Apart from charming alleyways and romantic gondola rides, Venice is world-famous for its Carnival. The Venetian Carnival is an annual festival that has been celebrated since 1162. Between January 23rd and Febuary 9th the winter gloom is frightened away by brightly coloured banners, rambunctious music, and bizarre costumes. Though we weren’t there for the festival itself, we saw plenty of the iconic, Venetian masks. Everything from feathered goddesses to big-nosed goblins decorated most tourist shop windows. Being a mask-maker in Venice is a time honoured and venerated position and they take their work very seriously, producing intricate works of outlandish beauty.
The main quest for the day was to make it from the Santa Lucia train station all the way to Saint Mark’s square: the social, religious and political centre of Venice. After 45 mins or so of winding along the Grand Canal, crossing at least eight more baby canals, we reached what is considered to be one of the greatest squares in the world. Piazza San Marco is a massive plaza flanked by columned arcades along with the magnificent bell tower and basilica of St. Mark. The architectural beauty and energy in this place was mesmerizing, and we enjoyed simply taking a stroll through the arcade. High-end shops gleamed from under the canopies, displaying unattainable goods on lofty pedestals. Classy cafés, often featuring live orchestras, serviced wealthy tourists with nimble waiters buzzing around them like bees.
St. Mark’s Basilica stands out at the head of the square with its five arched portals, Byzantine-style domes, and detailed mosaics surrounded by marble columns. While we were thoroughly impressed at that point, as soon as we entered the Basilica our minds were blown. Gazing up into the yawning canopy, 8000 square metres of golden décor glittered back at us in the most beautiful waste of tax-payer’s dollars I have ever seen. This vast amount of gleaming, gold and jewelled mosaics bestowed the cathedral with a second name, the Chiesa d’Oro, or “Church of Gold.”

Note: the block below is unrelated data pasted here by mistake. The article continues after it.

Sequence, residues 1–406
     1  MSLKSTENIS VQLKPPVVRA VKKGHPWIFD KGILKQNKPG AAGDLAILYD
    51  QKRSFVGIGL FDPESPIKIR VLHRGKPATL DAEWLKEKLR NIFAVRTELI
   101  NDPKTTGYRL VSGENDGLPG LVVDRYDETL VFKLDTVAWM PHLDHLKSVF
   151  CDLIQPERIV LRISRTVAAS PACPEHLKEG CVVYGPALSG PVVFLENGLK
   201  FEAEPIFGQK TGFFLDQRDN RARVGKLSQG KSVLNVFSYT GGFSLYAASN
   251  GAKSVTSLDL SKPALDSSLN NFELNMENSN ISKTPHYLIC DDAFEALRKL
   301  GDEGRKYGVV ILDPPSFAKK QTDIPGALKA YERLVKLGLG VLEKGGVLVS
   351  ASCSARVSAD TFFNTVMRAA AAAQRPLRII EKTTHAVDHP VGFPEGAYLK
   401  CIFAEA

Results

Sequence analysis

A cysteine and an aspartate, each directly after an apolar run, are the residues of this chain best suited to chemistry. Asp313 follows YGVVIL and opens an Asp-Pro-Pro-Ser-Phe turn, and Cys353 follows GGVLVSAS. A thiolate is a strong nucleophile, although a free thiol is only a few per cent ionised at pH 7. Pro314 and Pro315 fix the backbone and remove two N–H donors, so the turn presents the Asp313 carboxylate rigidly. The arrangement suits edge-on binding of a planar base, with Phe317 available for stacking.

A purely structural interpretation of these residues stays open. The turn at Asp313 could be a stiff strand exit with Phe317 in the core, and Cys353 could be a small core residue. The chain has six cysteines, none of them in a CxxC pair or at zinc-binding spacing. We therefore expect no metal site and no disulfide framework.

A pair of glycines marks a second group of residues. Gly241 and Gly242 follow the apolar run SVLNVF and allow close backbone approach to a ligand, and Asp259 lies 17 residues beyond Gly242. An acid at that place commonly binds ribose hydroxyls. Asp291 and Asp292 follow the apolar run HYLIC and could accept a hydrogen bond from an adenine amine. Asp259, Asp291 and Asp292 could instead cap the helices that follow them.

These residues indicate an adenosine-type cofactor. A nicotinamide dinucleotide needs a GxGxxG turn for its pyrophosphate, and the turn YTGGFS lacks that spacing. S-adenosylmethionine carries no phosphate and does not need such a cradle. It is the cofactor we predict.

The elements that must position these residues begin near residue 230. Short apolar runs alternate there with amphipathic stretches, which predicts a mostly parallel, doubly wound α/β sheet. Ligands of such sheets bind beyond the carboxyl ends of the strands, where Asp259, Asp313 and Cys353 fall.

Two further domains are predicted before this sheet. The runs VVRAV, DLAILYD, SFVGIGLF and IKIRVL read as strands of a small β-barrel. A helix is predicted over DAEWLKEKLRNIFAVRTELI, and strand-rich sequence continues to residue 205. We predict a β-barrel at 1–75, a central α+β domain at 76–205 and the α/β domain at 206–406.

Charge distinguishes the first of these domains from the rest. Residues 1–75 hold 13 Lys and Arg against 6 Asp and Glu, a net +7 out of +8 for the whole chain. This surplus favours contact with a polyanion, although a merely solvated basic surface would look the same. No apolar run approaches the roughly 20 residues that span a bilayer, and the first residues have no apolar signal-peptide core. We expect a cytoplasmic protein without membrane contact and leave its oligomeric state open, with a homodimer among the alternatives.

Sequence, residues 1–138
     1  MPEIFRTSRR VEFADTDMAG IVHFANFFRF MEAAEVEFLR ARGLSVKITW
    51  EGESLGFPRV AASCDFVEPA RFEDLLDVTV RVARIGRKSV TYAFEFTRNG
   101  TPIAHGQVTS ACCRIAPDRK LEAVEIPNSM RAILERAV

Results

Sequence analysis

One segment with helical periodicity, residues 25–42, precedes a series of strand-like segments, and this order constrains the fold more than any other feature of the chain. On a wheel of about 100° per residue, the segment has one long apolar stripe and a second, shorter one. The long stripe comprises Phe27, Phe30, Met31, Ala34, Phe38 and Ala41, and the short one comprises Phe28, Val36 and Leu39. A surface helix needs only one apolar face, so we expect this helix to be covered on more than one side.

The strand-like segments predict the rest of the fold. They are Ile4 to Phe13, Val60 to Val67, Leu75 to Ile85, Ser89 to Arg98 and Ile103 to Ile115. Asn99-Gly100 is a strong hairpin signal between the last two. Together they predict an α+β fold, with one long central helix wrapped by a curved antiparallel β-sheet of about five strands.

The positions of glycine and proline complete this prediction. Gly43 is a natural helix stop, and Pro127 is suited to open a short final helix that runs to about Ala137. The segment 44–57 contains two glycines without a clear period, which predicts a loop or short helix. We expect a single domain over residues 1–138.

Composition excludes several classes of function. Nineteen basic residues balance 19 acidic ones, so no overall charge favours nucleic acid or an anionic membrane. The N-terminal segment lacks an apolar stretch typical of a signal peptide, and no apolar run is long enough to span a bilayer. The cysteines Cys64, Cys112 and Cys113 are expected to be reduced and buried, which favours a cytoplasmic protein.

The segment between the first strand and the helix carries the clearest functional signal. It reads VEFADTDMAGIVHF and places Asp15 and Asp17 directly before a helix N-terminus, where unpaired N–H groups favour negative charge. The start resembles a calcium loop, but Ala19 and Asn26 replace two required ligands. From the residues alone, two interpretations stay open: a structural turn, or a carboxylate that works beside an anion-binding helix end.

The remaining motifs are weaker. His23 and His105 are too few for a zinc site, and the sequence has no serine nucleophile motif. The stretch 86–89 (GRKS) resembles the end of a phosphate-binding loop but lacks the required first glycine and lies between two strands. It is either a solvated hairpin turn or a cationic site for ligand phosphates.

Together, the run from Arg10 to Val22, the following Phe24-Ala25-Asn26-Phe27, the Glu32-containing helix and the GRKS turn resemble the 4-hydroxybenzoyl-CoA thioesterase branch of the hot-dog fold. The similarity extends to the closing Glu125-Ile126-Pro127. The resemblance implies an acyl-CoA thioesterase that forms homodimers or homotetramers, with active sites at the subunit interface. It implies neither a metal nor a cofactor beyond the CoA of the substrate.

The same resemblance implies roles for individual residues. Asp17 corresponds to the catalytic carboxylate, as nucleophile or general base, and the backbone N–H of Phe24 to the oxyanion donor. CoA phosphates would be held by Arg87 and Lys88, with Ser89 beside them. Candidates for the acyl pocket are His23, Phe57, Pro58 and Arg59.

St. Mark’s Square also gives access to the Venetian Port, overlooked by a statue of St. George the Dragon-slayer. Walking along the promenade you can find the Doge’s Palace, facing the sea and the Church of San Giorgio Maggiore on an island across the channel. Basking in the open atmosphere of St. Mark’s square and its harbour was a perfect way to end our congested, meandering expedition through Venice.
Venice is a marvellous city, aged and grimy but exquisite, like a tarnished, antique pocket watch. It’s an engineering feat like no other, a timeless work of art that will last in our hearts and minds long after it has sunk beneath the waves. Oh, did I forget to mention that Venice is sinking? With sea levels rising, the poor Venetians have to wade their way to work five times a year because of extreme flooding. Many citizens have permanently abandoned what was their family homes for centuries and left Venice for the mainland. Though there have been countermeasures put in place to slow the flooding, this unique, floating city may one day become a lost legend underneath the waves. Beat the rising water and come to Venice; it may be over saturated but it certainly isn’t overrated!